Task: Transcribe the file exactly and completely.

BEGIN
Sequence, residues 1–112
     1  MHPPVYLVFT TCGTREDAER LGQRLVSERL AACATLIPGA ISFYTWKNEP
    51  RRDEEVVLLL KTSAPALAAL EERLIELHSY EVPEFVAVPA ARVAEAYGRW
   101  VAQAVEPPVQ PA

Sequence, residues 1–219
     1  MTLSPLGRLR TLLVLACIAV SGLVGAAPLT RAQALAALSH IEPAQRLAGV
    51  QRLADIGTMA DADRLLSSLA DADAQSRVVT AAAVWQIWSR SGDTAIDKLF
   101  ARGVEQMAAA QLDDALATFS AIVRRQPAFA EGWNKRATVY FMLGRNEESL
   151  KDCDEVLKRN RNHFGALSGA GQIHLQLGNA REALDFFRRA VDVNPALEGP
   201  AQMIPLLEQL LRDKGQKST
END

Sequence, residues 1–112
     1  MHPPVYLVFT TCGTREDAER LGQRLVSERL AACATLIPGA ISFYTWKNEP
    51  RRDEEVVLLL KTSAPALAAL EERLIELHSY EVPEFVAVPA ARVAEAYGRW
   101  VAQAVEPPVQ PA

Sequence, residues 1–219
     1  MTLSPLGRLR TLLVLACIAV SGLVGAAPLT RAQALAALSH IEPAQRLAGV
    51  QRLADIGTMA DADRLLSSLA DADAQSRVVT AAAVWQIWSR SGDTAIDKLF
   101  ARGVEQMAAA QLDDALATFS AIVRRQPAFA EGWNKRATVY FMLGRNEESL
   151  KDCDEVLKRN RNHFGALSGA GQIHLQLGNA REALDFFRRA VDVNPALEGP
   201  AQMIPLLEQL LRDKGQKST